About a year ago, on Aug. 22, a team of inspectors from the Centers for Medicare and Medicaid Services (CMS) unit of the U.S. Department of Health and Human Services arrived in Frankfort, Ky., to see if the people working out of a nondescript warehouse there were going to be able to pull off the launch of Kentucky's Obamacare health-insurance exchange. [More]
Medicare benefits from immigrants, study says

Medicare benefits from immigrants, study says

A study by the Partnership for a New American Economy concluded that immigrants make a substantial contribution to the Medicare Hospital Insurance Trust Fund -- putting more into the system than they take out. [More]
Report says feds stop public disclosure of serious hospital errors

Report says feds stop public disclosure of serious hospital errors

USA Today reports the federal government has stopped publicly reporting when hospitals leave foreign objects in patients' bodies or make other life-threatening mistakes. Meanwhile, Medicare spent more than $30 million on questionable HIV medications in 2012 and the agency is resuming audits for some fee-for-service claims. [More]
First Edition: August 6, 2014

First Edition: August 6, 2014

Today's headlines include reports about the Gallup-Healthways Well-Being Index that details how politics play a role in the nation's health care gap between red and blue states. [More]
Hepatitis C could become a rare disease by 2036

Hepatitis C could become a rare disease by 2036

Effective new drugs and screening would make hepatitis C a rare disease by 2036, according to a computer simulation conducted by The University of Texas MD Anderson Cancer Center and the University of Pittsburgh Graduate School of Public Health. The results of the simulation are reported in the August 5 edition of the journal Annals of Internal Medicine. [More]
$5.8 million grant for coalition project to help reduce strokes and heart attacks in San Diego County

$5.8 million grant for coalition project to help reduce strokes and heart attacks in San Diego County

Approximately 84 million people in the United States suffer from some form of cardiovascular disease, and about 720,000 Americans have a heart attack every year, which works out to one every 44 seconds. [More]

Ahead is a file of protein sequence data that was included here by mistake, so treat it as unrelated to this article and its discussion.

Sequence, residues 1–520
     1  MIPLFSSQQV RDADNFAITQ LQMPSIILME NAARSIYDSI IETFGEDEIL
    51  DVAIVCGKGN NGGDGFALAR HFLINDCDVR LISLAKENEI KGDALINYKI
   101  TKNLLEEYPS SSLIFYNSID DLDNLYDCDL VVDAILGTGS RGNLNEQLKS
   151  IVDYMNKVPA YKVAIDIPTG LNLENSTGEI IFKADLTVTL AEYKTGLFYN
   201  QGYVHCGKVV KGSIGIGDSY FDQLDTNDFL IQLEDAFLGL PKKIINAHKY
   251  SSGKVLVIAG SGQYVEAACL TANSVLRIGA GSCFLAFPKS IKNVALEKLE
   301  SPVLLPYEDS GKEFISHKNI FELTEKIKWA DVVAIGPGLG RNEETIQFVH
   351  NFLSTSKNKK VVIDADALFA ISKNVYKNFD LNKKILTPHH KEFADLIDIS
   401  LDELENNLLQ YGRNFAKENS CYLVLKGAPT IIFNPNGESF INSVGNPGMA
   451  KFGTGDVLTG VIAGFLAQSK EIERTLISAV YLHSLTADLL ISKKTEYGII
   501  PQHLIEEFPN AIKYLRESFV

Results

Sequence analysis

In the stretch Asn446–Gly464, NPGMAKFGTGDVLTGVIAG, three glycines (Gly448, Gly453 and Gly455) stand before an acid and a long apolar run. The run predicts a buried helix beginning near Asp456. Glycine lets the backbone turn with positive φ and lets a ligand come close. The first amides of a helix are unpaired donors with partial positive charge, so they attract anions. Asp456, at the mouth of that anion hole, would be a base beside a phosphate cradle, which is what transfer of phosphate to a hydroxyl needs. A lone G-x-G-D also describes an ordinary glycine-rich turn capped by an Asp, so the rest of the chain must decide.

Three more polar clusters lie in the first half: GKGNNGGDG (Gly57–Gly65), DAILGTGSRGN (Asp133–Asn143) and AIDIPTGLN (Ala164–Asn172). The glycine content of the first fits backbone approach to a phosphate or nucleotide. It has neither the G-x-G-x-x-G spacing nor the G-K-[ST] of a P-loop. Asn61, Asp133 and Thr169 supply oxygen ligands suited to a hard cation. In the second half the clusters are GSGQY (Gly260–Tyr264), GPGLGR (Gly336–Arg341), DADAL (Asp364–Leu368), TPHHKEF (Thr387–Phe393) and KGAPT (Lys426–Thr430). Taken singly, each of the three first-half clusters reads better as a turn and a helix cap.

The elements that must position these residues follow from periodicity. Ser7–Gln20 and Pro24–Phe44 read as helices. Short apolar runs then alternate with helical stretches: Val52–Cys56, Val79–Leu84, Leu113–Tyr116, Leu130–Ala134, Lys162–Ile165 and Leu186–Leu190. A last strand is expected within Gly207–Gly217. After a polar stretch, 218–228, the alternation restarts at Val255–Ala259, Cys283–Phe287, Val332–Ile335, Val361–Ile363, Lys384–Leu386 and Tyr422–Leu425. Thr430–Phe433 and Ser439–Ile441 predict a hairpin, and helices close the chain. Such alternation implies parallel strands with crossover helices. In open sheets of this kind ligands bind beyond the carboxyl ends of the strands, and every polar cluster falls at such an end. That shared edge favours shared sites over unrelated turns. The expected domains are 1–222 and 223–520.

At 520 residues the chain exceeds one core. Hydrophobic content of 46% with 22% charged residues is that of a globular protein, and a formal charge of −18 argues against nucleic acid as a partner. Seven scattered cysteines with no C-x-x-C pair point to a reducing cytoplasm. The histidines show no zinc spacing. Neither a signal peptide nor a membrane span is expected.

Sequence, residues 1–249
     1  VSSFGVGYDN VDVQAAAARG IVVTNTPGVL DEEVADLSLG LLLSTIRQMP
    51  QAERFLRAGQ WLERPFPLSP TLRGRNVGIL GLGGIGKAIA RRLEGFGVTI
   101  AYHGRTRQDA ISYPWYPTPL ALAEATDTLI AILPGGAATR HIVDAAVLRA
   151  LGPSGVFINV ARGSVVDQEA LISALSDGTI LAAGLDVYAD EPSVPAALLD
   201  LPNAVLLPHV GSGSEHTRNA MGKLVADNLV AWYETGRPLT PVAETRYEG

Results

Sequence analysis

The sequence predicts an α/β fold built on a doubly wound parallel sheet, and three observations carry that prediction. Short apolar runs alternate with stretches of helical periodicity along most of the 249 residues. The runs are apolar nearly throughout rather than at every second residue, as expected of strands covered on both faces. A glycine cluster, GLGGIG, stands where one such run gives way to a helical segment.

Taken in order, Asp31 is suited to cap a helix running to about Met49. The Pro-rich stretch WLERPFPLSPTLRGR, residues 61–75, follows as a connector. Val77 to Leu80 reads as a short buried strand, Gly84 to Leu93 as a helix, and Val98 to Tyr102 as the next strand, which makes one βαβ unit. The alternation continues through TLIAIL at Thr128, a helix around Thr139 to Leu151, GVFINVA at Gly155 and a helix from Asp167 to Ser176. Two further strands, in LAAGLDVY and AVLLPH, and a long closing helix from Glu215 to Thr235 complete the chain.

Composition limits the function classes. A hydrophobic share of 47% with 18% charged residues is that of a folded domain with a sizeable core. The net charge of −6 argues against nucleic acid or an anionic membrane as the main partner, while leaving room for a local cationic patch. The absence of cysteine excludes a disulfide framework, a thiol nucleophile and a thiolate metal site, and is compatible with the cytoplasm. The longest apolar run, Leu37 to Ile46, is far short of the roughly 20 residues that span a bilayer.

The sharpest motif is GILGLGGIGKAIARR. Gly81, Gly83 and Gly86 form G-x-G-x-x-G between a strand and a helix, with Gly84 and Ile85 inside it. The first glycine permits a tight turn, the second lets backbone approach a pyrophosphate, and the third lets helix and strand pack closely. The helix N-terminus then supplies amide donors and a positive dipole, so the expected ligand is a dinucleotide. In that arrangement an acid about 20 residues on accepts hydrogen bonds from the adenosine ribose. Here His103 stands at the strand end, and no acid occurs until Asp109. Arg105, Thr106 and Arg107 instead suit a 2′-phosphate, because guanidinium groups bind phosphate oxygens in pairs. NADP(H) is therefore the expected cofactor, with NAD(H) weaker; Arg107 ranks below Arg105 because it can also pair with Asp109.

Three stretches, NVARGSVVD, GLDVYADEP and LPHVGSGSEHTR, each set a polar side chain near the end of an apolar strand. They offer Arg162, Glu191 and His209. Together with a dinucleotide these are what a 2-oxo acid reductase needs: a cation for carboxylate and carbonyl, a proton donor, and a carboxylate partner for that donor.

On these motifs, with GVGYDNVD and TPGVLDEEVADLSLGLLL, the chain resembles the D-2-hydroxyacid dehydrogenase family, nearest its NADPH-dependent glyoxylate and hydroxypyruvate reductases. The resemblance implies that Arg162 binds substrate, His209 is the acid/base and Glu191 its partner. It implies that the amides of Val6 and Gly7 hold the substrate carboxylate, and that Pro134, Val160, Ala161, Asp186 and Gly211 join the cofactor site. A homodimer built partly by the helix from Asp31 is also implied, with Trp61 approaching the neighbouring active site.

Medicaid roundup: Florida receives 3-year renewal for managed care program; Illinois limits Sovaldi

About 3 million Floridians are enrolled in the privatized program. Meanwhile, Illinois Medicaid puts limits on who is eligible for Sovaldi, an expensive hepatitis C drug, and Kansas recoups more than $28 million in Medicaid fraud. [More]
Community-based doulas dramatically increase breastfeeding rates in underserved communities

Community-based doulas dramatically increase breastfeeding rates in underserved communities

A new study by the federal government finds that community-based doulas – based on a program started by HealthConnect One – dramatically increase breastfeeding rates in underserved communities, where a baby's exposure to breast milk can help mitigate the impacts of poverty. [More]
State highlights: Time of turmoil for Georgia hospitals; Oregon Medicaid takes aim at expensive heptatitis C drug

State highlights: Time of turmoil for Georgia hospitals; Oregon Medicaid takes aim at expensive heptatitis C drug

A selection of health policy stories from Gerogia, Wisconsin, Texas, Oregon, Florida, Michigan, Massachusetts, Connecticut and North Carolina. [More]

Administration says next marketplace enrollment season will have 'bumps'

In a House hearing, the number two officials at the Centers for Medicare & Medicaid Services responds to a critical GAO report and says while improvements to the federal online exchange are being made, it still "won't be perfect." [More]

GAO report: Poor planning and contractor oversight led to Healthcare.gov woes

The government watchdog organization also found that more problems could emerge in the upcoming enrollment season. Investigators suggested implementation of a cost-control plan and improved oversight procedures, among other steps. [More]